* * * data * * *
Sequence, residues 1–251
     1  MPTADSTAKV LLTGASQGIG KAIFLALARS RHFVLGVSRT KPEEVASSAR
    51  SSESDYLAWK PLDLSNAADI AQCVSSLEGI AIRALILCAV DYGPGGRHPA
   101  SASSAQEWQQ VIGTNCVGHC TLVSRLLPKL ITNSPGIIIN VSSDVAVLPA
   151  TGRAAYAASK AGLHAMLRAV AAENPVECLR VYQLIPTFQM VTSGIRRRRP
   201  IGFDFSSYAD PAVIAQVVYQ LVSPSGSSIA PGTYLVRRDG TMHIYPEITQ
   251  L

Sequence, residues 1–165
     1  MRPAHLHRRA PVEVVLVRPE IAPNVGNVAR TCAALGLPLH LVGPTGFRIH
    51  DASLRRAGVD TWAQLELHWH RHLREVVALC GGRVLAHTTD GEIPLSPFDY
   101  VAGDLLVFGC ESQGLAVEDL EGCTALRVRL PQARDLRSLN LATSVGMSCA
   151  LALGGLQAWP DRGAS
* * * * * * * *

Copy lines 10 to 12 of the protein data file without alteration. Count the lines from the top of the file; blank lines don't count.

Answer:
    51  DASLRRAGVD TWAQLELHWH RHLREVVALC GGRVLAHTTD GEIPLSPFDY
   101  VAGDLLVFGC ESQGLAVEDL EGCTALRVRL PQARDLRSLN LATSVGMSCA
   151  LALGGLQAWP DRGAS